Well, it’s finally here … the second week of Tutorials for the 2013 Friesen Project. I have loved seeing all of your work and dragons that you have made over the past week since we began this project. Here are two of my personal favorites…both done as an offspring of the Wendyll dragon from the first tutorial.
It’s now time to continue making your dragon and now you’re going to add arms and or legs to your wee-beasties. You can add two arms, four arms, six arms … two legs, three legs or no legs! The choice is completely yours. This week your challenge is to create your own freeform dragon using Christi’s techniques and making a dragon completely unique to you.
PLEASE NOTE: To make your own dragon tutorial, you will need Christi Friesen’s Dragon book that is available for purchase here. Due to copyright, exact details and process have been minimalized to protect Christi’s art and design. Polymer clay is the most shared community in the world, please do not ruin that by going against US copyright laws.
It’s time to make your dragon walk!
Last week many of you devoured the mini-tutorial here on the blog. In case you missed the tutorial, you can go here to read it now. You will not be able to complete today’s tutorial without first making a dragon. So, gather your inspiration and get ready to add some personality, arms, and legs to your dragon. Hopefully after making your first dragon last week, you have the feel of dragons. So, plan your next dragon in your head or on paper and let’s give him some arms & legs … let the Dragon Tutorial for the oogie-boogie limbs begin!
The basic instructions for beginning every project art the same…so again, in order to get started making legs & arms for your cutest dragon ever, you will need a section of polymer clay that matches the dragon you are working on. The first thing that you will need to do is make sure that your clay is well conditioned.
As we learned the first week, there are literally hundreds of ways, designs, and an infinite possibility of combinations to making a dragon from polymer clay. It’s 100% up to you how you want to do that. But here’s the most important part. You must be having fun while you are doing it. If you are not … well then why do it at all.
In order to make your dragon, follow the steps outlined here and in Christi’s book. This week you are making a free-formed dragon that looks … well, however you want it to. It’s design, shape, color, pattern are completely up to you.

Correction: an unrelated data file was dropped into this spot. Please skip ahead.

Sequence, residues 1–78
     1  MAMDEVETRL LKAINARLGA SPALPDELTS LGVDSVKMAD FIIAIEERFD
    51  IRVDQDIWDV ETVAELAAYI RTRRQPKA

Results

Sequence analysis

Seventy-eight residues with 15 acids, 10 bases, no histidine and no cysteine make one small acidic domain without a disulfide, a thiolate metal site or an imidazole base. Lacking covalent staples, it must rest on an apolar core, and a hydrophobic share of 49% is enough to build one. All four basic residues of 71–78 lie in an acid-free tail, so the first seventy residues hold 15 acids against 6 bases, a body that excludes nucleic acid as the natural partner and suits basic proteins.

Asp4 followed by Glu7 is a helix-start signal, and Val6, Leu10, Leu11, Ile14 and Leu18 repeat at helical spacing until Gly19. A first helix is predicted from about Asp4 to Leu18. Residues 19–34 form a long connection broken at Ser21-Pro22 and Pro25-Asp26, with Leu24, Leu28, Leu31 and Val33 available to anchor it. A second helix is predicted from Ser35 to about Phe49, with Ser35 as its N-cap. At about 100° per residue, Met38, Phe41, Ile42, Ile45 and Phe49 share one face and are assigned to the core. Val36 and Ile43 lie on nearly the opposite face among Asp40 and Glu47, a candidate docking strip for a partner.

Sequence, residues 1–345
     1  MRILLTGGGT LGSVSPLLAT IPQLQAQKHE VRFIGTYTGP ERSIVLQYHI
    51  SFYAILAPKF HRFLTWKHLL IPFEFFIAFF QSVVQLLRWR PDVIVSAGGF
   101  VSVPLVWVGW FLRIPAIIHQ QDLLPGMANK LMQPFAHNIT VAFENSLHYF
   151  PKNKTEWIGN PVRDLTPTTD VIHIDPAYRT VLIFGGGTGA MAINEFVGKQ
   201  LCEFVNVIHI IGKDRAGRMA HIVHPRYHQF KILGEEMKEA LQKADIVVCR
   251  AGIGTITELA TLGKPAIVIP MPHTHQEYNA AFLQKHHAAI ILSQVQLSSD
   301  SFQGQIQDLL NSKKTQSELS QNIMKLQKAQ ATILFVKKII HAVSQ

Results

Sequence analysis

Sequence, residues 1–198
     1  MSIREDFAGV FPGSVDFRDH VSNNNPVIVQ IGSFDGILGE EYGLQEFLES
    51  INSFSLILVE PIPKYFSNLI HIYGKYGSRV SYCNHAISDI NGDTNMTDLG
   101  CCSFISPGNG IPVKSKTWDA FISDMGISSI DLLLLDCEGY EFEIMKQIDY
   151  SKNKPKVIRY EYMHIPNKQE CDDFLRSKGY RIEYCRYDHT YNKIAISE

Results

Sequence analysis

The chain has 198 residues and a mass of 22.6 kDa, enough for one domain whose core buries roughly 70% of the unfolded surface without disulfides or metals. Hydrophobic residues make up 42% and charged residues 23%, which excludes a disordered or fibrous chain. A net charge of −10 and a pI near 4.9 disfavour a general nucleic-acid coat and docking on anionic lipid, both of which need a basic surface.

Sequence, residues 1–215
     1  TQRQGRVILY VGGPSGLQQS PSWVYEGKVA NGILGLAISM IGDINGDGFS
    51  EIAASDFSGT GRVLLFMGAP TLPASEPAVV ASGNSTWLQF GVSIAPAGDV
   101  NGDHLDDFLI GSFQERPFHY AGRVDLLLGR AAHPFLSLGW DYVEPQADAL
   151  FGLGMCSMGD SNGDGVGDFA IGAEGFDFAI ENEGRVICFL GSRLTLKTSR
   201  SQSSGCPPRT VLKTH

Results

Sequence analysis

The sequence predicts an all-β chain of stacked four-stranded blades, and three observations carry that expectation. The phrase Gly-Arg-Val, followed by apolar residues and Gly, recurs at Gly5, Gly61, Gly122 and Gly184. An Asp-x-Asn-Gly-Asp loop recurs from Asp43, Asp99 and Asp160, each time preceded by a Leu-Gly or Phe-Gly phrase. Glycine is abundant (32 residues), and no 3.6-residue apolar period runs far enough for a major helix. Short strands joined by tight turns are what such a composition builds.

From circles, cones, smooshie things, to toes…
Christi has a discussion of how to make arms & legs in her book on page 40. You can refer to that for detailed pictures and explicit instructions (thank you Christi, you are awesome). Today, I’m showing you the way that I make arms and legs for my dragons, it’s slightly different than Christi’s method, but you need to use the method that works for you. I like to add four toes on dragon legs & three fingers on dragons…but perhaps you will like more or less. The outline below works for both dragon arms & dragon legs.
At right you will see a picture of the steps necessary to create dragon parts … and by parts I mean lys, toes, arms, & fingers. The first thing is to take a hunk of clay (yes I know those are very specific sizes…but it depends on the overall size of your dragon, so judge accordingly – see the photograph in the top left) and divide it in half. You are going to roll those halves into two cone shapes (see photo in upper middle). And then ever so carefully, smoosh (yes, I know another very technical direction) the “bell” shaped side onto your work surface (see upper right photo).
Before I cut toes into my dragons arms, or legs, whichever the case may be, I like to play with the shape of the arm or leg. Just so I can visualize the way it looks against the body of my dragon. I should also add at this point that I do my arms & legs dead last. Sometimes I don’t feel that dragons needs arms or legs because they are awesome winged creatures. But then sometimes I feel that they just need arms because they have to carry very heavy objects into the clouds … and sometimes they just need legs because they have to stomp on really giant dragon bugs before they eat all their dragon vegetables. So … only you can decide if and what your dragon needs.
Once you have the shape the way you want it, use your exacto knife and cut slits into the clay where you want to toes to be. Then use a blunt needle tool to separate the toes. You can make them long (for sticky fingered dragons) or skinny for dragons that are young … or you can make them chubby for strong dragons. Use a combination of your fingers and any tools you may have to finish the toes the way you want and add litle fingernails if you so choose.
Add Them to Your Dragon
The next part is the easiest, it’s time to add those scaly arms & legs to your dragon. Line them up where you want them to sit on your dragon and blend the seams together. Add embelishments and finish your dragon as outlined in the first tutorial this month.
This Week’s Project
This week your challenge is to create a dragon, using Christi’s style, that’s different from the dragon you created last week and add arms or legs or both … but try your hand at making those lucious appendages for your wee-beastie (or giant beastie) whichever you prefer …
YOU HAVE NOW MADE YOUR FIRST CHRISTI FRIESEN INSPIRED DRAGON THAT CAN ACTUALLY WALK, CRAWL, OR BEG FOR DINNER…
The Friesen Project
The Friesen Project is done in conjunction with Christi Friesen. All tutorials are retaught here with her expressed permission. Please make sure to read about the project here, and get answers to the most common FAQS here.